Last semester, I wrote a column focused on how the Chicago Cubs were becoming more corporate and, in that vein, losing a little bit of their lovable essence.
This was the end of April — not even one month into a Cubs season that would last for more than seven.
To recap, I am a native Chicagoan and have lived within a mile of Wrigley Field my entire life, attending games since I was only a month old.
When I was back at home this May, my mom woke me up one day by dropping four Cubs-Phillies tickets on my head. Days later, I made the trek down Addison Street to Wrigley and watched the game with my good friend Elizabeth, my brother and his friend. After watching the Cubs seal a 7-2 win, Elizabeth and I went to Sluggers, a local bar, and danced for hours. The evening was one of pure happiness.
On Nov. 2, 2016, I again found myself in a sports bar — this time at Pappy’s in Berkeley — feeling similarly ecstatic.
I shed tears of elation when I saw the Cubs clinch the 8-7 win in 10 innings to win the World Series.
I cried not just for myself; because who am I to cry after only having waited 19 out of 108 years for the momentous win? I cried for my mom, who has been a huge baseball fan her whole life and is sad that none of her kids play. I cried for my grandpa and uncle, who my mom said she was sure were “high-fiving in heaven.” Finally, I cried because of the overwhelming sense of pride that I felt for my city that has given me an unbelievable upbringing — of which the Cubs were a huge part.
As my friends who attended school in the Midwest posted footage of the victory parade (that attracted a reported record five million celebrants) and the river dyed blue, I so desperately wanted to go home that week to take my own picture underneath the “World Champions” banner.
Still, every day for the next week, I woke up smiling, remembering that if Kris Bryant could lead the Cubs to overcome all odds, I would have a great day.
This mentality remained with me for only six short days — until election night.
On Oct. 30, with the Cubs down 3-1, FiveThirtyEight, Nate Silver’s statistical analysis website, claimed that the Cubs had a smaller chance of winning the World Series than Donald Trump did of winning the election.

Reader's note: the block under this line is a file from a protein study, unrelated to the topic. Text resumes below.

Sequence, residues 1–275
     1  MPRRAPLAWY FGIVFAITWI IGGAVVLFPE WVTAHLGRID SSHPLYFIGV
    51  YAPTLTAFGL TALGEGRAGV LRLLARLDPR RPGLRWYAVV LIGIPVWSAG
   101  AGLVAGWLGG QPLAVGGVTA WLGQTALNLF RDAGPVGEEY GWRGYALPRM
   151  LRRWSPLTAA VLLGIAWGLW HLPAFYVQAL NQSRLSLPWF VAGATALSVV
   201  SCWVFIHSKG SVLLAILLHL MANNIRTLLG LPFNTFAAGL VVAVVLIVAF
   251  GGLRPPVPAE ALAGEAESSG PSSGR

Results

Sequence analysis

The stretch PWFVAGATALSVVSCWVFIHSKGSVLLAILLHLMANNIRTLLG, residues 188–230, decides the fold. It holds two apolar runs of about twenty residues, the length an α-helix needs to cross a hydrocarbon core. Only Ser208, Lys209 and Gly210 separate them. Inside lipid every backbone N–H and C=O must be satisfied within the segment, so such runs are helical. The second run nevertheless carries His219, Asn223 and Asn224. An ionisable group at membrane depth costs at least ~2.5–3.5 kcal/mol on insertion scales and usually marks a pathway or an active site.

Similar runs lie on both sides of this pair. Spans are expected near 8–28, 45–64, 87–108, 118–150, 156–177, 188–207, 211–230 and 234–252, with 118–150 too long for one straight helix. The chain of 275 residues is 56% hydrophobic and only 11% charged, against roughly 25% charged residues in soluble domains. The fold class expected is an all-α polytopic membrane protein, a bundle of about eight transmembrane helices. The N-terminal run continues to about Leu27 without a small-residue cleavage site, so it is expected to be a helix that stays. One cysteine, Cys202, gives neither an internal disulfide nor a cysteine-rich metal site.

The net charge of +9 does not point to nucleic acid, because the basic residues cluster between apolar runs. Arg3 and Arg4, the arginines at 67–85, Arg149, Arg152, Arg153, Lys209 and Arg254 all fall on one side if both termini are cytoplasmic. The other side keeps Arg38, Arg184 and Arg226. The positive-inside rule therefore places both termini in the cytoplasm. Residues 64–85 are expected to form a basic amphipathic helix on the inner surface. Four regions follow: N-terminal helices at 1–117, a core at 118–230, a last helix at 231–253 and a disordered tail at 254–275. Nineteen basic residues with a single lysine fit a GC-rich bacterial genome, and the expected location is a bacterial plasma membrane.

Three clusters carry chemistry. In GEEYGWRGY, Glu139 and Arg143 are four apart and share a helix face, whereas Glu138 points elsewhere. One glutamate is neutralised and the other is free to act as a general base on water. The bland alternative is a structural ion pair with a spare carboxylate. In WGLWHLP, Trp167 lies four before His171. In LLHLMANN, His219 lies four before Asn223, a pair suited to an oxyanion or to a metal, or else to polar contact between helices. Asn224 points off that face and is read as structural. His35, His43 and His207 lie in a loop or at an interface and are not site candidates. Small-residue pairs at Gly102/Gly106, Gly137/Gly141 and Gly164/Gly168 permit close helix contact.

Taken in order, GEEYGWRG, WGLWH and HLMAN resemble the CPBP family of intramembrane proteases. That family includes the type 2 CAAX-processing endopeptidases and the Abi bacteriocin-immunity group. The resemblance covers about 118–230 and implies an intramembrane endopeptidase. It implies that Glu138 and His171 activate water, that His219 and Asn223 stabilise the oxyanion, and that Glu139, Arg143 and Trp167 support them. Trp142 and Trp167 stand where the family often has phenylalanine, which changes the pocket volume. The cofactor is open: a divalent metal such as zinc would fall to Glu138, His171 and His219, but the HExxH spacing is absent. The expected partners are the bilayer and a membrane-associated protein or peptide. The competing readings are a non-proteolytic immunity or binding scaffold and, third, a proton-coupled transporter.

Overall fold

In another statistics-defying moment, however, Trump was elected president of the United States.
The hopelessness I felt during the situation caused me to feel the exact opposite of the previous week — sad and frustrated.
The sports world has the ability to unite communities. The 1980 Winter Olympics with the U.S. win over the Soviet Union in the ice hockey medal rounds was a symbol of hope for all Americans. Referred to as the “Miracle on Ice,” the gold medal brought a country whose morale was at an all-time low out of the darkness.
This hockey win, as much as a sports victory, was also a political move during the Cold War.
After Game Seven, fans scrawled messages in chalk on the brick under the bleachers of the stadium, dedicating the win to deceased relatives who didn’t have the chance to witness the triumph. Now, the spot acts as a “makeshift memorial” for fans to share their stories.
Just like the “Miracle on Ice,” the World Series win was more than just a win. It brought so many people who had waited for so long together to celebrate overcoming the impossible. It gave hope to people who were down on their luck and overwhelmed at school (me) and united people from all corners of the country.
As someone who is unsure about how the future looks under a Trump presidency, I don’t necessarily buy into the claim that the Cubs win ushered in an American apocalypse, but I do buy into the idea that the World Series stands as a symbol of hope. If a baseball franchise can wait more than 100 years for a big break, we can band together as a nation and make it through four years.